We enjoyed that although everything was designed to be cooked on a BBQ, recipes are inspired from around the globe and rather than focusing on simple slabs of meat, recipes include instructions for every component of the dish – including marinades, dipping sauces and any accompanying veg it should be served with. 

Perhaps our favourite chapter was From The Sea, which includes treats such as tandoori sea bream, lobster rolls and Galician octopus. Photography is beautiful throughout, ending with chapters on cocktails, desserts (toasted marshmallow ice-cream anyone?) and brunch dishes including our favourite, smoked pork beans on toast.

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‘Charred’ by Genevieve Taylor, published by Quadrille: £9.54, Amazon

Veggies so often get a raw deal when it comes to barbecues. But with an ever-rising number of people choosing to shun meat, it seems silly that they should never get anything more exciting than a plate of halloumi or a dry veggie burger. 

Charred is an absolute treat of a book. Each and every recipe is suitable for vegetarians, making us completely rethink what it means to be a veggie during BBQ season. From the multitude of kebabs – Moroccan spiced aubergine and tomato with minted yoghurt dressing – to the low, slow and smoked parmesan parsnips with fennel butter and hazelnuts, there wasn’t a dish we didn’t fancy trying.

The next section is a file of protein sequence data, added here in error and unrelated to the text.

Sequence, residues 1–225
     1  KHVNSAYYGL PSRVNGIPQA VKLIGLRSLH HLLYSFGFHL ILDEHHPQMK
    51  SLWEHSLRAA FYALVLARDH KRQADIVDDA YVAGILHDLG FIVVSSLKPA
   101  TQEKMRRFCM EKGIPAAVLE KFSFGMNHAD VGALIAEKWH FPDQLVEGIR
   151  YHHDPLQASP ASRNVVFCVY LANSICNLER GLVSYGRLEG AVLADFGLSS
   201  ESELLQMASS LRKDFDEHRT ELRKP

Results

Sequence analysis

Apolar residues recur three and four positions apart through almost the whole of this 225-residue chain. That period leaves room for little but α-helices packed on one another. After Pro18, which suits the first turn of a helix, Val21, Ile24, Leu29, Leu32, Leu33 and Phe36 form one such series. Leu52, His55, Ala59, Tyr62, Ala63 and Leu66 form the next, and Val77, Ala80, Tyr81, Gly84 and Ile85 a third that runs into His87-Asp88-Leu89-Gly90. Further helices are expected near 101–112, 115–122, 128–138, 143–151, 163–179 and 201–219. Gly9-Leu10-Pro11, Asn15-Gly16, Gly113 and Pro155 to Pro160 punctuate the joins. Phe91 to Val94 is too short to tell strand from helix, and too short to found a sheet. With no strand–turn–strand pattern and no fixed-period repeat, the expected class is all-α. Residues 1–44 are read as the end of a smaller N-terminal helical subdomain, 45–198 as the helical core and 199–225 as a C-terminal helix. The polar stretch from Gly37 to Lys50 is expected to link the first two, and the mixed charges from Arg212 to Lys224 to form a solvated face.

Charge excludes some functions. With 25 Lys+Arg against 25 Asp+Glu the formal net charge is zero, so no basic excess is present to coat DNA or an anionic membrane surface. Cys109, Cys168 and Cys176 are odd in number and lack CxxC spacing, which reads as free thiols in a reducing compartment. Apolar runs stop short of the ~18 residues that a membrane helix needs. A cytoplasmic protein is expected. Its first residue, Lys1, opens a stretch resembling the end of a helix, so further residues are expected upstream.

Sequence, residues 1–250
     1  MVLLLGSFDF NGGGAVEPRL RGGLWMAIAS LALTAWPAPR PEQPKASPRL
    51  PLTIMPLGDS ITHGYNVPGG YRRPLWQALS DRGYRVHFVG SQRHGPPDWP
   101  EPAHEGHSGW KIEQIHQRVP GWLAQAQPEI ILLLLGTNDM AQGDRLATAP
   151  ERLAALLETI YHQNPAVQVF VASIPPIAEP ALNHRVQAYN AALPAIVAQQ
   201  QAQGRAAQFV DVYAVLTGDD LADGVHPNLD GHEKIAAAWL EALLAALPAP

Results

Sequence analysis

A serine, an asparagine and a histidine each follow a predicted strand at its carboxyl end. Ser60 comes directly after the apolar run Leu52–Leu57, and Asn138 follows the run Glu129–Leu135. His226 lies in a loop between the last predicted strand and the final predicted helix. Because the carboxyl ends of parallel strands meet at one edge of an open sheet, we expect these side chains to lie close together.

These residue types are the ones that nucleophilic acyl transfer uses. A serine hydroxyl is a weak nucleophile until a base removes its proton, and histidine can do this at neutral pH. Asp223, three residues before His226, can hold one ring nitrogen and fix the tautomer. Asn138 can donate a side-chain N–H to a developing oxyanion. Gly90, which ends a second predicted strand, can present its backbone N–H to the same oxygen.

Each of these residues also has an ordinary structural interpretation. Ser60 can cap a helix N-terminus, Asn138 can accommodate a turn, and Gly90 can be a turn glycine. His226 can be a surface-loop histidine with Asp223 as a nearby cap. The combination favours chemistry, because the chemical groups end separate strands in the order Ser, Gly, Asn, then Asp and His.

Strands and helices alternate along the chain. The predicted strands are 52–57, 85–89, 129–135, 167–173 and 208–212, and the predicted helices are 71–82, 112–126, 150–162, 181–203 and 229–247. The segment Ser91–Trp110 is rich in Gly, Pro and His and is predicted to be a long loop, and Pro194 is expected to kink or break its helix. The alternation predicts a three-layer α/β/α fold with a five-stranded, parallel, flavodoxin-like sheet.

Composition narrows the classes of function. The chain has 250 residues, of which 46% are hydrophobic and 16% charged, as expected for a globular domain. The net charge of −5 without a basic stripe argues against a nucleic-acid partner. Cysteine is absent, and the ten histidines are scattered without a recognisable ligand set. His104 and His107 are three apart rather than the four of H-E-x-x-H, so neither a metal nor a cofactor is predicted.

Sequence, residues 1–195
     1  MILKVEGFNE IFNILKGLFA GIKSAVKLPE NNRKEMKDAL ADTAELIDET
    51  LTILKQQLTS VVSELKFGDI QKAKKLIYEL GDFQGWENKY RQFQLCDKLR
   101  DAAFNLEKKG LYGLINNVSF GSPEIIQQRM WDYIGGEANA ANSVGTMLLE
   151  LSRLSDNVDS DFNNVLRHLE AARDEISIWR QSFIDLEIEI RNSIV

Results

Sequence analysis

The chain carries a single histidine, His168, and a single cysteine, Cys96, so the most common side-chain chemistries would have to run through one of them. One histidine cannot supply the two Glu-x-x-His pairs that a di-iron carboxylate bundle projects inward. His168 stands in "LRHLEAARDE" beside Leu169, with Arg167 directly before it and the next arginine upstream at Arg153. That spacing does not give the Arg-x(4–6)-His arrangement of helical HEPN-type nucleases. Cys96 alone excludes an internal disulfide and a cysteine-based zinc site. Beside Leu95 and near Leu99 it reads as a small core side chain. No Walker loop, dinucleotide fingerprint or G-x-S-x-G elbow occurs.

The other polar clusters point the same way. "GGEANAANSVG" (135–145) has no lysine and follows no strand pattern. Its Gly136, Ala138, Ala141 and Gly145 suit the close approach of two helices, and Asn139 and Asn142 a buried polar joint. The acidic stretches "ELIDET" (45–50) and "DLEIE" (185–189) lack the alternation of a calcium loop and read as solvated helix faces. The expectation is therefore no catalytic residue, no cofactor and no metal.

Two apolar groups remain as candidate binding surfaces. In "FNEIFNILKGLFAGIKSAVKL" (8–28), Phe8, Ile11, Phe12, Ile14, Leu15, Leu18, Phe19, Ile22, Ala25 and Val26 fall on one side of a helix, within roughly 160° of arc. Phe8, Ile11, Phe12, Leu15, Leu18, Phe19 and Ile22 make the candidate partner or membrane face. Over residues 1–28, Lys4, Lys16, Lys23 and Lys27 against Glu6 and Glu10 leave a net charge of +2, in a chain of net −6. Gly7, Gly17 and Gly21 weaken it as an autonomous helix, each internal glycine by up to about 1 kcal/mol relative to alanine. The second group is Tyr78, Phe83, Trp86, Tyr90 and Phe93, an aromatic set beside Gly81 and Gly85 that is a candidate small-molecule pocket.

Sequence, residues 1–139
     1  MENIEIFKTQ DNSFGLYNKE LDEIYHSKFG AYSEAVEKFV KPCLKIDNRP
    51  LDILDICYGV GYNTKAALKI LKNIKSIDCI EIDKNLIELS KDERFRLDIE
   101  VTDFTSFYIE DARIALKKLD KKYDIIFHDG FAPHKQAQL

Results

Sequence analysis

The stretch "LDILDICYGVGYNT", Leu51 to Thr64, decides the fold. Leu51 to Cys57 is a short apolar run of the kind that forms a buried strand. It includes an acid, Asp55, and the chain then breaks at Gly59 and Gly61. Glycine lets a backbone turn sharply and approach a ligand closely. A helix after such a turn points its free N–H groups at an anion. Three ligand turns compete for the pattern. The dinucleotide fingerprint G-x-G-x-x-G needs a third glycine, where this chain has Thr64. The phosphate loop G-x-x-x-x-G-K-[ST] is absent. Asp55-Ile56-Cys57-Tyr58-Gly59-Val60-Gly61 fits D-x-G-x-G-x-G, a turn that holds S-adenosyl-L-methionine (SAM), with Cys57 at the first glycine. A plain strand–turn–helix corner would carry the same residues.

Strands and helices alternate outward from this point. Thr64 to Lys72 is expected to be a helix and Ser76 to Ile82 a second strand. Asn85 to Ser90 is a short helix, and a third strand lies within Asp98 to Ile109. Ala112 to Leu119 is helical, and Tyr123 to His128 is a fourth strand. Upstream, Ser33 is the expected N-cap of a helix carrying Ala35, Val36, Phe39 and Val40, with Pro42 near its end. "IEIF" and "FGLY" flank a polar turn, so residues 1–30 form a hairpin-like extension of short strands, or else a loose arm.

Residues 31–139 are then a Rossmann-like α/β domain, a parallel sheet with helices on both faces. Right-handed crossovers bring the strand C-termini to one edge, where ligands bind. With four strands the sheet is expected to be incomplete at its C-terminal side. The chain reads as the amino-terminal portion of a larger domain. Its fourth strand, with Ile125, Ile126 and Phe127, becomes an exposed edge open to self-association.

Instead of one token veggie burger, there’s an entire chapter, suggesting the likes of a white bean, grilled pepper mozzarella burger with fresh tomato relish that will have your meat-eating mates wanting in on the action. There are more than 70 recipes, all of which come with a photo and a helpful key that tells you how a recipe can be cooked – barbecue, griddle pan, frying pan or in the oven – which gives this book real longevity.

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‘The Barbecue’ by Alex Hamilton, published by Harper Collins: £14.99, Harper Collins

This clever little cookbook takes the BBQ foundations – think burgers, steak, chicken and ribs among others – and provides multiple marinades, salsas and salads to serve alongside them.